Ph.D. Grad Uses Computational Chemistry for Drug Discovery
Biochemistry alumna moves into pharma with a goal to impact people’s lives.
As a computational chemist, Anjela Manandhar (Ph.D. ’19, Biochemistry) uses data to create models to better understand biochemical processes.
The Nepal native has long aspired to make a difference through science, and this month she’s getting her chance, as she begins a new job with Takeda Pharmaceutical Company in Cambridge, Massachusetts.
“I wanted to apply my research in something translational, somewhere it was impacting people's lives directly,” she said, but it took time for her to develop the skills she needed to do this.
The new position follows a postdoctoral fellowship at Temple University, where she studied chemical compounds with the potential to inhibit SARS-CoV-2, the virus that causes COVID-19. The postdoc, she says, gave her the experience that prepared her for the new role.
Manandhar spoke with the Graduate Center last month about using computational chemistry for the discovery of new drugs.
The Graduate Center: Tell us about your research to develop treatments for COVID-19.
Manandhar: When COVID happened, everyone was trying to do something to help understand the system, if there were compounds that would inhibit COVID. We did two different kinds of work. The first was the repurposing of drugs, where we looked at already approved FDA drugs.
We looked at the interaction of those drugs with one of the proteins of COVID-19. The protein I'm working with is called Mpro. It has a long name, SARS-CoV-2 main cysteine protease. Basically, it’s a very important protein that is required for the replication and the maturation of the COVID-19 virus.
The goal was to find compounds that might inhibit that protein to limit the life cycle of COVID-19. I looked at different small compounds that would interact with the Mpro and, based on those interactions, predicted different kinds of optimization that might create more potent small compounds.
GC: What is computational chemistry?
Manandhar: It's basically using different kinds of models to understand different experimental phenomena. So, it’s using computational tools and models of the system that you want to study to get the answers.
Take my current project, for example. I look at different compounds and their interaction with biological targets, and the proteins that I'm interested in. Based on those interactions, I have some idea of what compounds might be better to proceed with.
Let's say I start with 100 compounds and I see five compounds have good interactions with the target I'm interested in. Then I talk to the experimental collaborators to say, ‘Hey, these five compounds look good, can you test them?’ So, besides the interactions, they’re looking at things like physiological properties and toxicity.
Basically, it’s the initial screening or prediction that will help with the research.
GC: How does computational chemistry support scientific research?
Manandhar: What computational chemistry is good at is saving time and money for the experimental work. Here we’re using computational resources and we don't need to buy chemicals and wait for them to do different sets of assays. Here we’re just testing, computationally, so one can get a rough idea of how to proceed experimentally.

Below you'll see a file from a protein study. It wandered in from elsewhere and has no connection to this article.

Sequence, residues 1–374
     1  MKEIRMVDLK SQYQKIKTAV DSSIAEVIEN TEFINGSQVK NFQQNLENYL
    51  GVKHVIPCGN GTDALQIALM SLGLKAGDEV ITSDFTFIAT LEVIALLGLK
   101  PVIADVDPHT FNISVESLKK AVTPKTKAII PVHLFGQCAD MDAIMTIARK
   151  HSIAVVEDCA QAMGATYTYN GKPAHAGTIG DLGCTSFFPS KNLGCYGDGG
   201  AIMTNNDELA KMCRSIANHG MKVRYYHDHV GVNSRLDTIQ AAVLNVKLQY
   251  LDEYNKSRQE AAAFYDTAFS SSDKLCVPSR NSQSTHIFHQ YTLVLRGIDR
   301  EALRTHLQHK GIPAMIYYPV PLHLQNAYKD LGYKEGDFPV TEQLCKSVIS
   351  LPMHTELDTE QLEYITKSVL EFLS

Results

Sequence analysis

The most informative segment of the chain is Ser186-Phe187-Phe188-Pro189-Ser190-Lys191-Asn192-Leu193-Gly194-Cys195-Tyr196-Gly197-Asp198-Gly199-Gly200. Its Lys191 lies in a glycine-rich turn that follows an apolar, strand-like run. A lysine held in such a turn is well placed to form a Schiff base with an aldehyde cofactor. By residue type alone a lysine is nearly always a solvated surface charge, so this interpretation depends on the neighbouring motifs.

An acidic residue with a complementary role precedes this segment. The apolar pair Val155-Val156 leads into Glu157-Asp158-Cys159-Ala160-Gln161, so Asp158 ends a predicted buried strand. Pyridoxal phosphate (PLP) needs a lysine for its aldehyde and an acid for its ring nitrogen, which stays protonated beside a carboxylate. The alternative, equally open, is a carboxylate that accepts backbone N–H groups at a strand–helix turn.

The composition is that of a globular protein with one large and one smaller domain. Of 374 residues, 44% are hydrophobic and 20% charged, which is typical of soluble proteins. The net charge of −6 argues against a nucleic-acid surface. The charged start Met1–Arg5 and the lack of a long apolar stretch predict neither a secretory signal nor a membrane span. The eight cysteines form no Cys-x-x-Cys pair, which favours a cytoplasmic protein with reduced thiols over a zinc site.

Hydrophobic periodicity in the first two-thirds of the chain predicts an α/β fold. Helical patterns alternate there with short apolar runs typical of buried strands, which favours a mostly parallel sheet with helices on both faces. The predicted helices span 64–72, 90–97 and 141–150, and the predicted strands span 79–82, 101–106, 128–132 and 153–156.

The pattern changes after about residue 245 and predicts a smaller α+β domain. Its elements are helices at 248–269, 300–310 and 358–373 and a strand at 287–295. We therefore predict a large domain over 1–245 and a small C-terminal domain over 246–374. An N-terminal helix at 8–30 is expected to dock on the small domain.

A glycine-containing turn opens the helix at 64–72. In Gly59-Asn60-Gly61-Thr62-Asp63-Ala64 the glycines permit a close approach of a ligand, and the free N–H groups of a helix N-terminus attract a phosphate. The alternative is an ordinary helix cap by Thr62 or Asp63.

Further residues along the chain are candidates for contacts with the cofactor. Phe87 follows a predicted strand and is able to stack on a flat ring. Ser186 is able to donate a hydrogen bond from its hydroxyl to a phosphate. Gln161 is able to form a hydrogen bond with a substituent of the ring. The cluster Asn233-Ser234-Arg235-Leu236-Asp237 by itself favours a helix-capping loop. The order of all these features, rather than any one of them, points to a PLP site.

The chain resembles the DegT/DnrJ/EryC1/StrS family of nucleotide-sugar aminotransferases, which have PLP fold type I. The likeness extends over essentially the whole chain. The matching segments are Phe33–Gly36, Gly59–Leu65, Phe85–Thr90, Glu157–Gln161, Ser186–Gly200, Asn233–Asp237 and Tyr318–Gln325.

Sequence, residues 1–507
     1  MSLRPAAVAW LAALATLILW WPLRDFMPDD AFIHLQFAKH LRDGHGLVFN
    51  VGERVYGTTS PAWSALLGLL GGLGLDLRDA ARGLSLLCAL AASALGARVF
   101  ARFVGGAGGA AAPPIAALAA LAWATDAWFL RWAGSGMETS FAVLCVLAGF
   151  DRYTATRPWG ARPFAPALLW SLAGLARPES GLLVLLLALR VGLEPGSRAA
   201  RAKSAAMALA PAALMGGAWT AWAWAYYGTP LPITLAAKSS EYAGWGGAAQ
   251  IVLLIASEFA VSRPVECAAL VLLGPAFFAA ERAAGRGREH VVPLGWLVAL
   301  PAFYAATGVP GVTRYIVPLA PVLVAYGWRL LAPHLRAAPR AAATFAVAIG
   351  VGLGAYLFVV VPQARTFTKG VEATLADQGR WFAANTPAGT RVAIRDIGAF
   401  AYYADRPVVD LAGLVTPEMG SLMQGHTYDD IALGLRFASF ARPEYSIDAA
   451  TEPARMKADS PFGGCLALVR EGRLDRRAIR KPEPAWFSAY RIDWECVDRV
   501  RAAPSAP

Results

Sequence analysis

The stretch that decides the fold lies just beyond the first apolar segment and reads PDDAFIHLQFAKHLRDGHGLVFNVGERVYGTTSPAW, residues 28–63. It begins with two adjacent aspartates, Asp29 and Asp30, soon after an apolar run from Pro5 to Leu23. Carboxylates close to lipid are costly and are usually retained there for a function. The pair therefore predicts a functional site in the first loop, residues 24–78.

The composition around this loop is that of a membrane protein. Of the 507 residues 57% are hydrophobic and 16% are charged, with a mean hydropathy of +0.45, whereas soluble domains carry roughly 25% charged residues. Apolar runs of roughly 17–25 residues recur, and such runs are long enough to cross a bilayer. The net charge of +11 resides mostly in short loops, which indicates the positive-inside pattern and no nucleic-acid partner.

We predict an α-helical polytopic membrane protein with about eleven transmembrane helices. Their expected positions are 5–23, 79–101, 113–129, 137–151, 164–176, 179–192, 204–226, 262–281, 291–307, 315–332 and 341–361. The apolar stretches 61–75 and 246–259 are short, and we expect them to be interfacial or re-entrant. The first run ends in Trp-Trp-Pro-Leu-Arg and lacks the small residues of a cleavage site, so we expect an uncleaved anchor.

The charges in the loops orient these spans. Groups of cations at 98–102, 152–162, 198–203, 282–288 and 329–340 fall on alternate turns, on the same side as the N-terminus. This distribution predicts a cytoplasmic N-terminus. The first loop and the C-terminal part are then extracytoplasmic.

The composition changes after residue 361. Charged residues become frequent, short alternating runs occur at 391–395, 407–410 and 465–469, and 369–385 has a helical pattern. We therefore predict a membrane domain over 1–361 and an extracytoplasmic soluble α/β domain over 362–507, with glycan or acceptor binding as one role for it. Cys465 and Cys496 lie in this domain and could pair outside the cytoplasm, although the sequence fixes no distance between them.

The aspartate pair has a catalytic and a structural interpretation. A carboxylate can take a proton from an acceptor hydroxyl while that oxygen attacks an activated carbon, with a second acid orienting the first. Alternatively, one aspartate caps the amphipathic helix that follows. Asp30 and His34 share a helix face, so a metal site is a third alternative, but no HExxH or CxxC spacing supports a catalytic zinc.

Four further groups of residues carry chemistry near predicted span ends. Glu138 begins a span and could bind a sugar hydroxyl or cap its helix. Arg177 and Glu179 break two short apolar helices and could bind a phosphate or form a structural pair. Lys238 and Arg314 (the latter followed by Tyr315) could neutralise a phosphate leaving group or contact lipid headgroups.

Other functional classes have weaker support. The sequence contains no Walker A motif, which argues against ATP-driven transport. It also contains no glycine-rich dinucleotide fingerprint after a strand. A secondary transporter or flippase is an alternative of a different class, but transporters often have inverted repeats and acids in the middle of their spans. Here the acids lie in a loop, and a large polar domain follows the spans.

Let's say, experimentally, some kind of phenomena was observed. That can be explained by computational work because we can see at the molecular level where, at times, experiments cannot.
GC: How has being a Nepali woman shaped your career?
Manandhar: I come from a developing country. I might be one of the very few women Ph.D. holders in Nepal. I'm in a small minority and I’m also in a technology field. So, I feel a responsibility. I know I’ve made my family proud. But it also comes with the knowledge that it should not just be me. I should be helping other people if they want to consider Ph.D. research, especially women.
So, with that, if somebody contacts me asking for help with Ph.D. research in the U.S., I’ve always been open and I try as much as I can to help them.
I might be one of the very few women Ph.D. holders in Nepal … I know I’ve made my family proud. But it also comes with the knowledge that it should not just be me.
GC: What advice do you have for current Ph.D. students?
Manandhar: From my experience, you need to have a comfortable lab environment and very good communication with your adviser. I really enjoyed my work in my lab, and I felt my adviser and postdocs were there to help and support me whenever I needed it. I was in an environment that was very motivating and very encouraging.
When I came to CUNY, my adviser Sharon Loverde (GC/College of Staten Island, Biochemistry, Chemistry) emailed me asking me if I would like to rotate. I said ‘yes,’ just to experience what it would be like. So, I did a rotation in her lab. I liked her.
More than the computational work, I really felt comfortable working with her for my Ph.D. because I knew it was five years, minimum, that I would be working there.
When I joined the lab, it was more than a project. I basically signed up for the environment that I liked. It can be different for different people, because some students have a very specific research interest and so they end up choosing a specific research lab. I was more open-minded, I chose the lab where I felt I could grow and learn.
GC: Is there any other advice you’d like to share?
Manandhar: After my Ph.D., I wanted to go into pharma directly. That was my goal. But then, I figured out that my skill set didn't match up very well. My postdoc became the detour to gain those skills.
Once you finish your Ph.D., you might not land the dream job you want right away. Sometimes it's not straightforward. I joined a postdoc lab, and there I learned those missing skills, which helped me to land another job.
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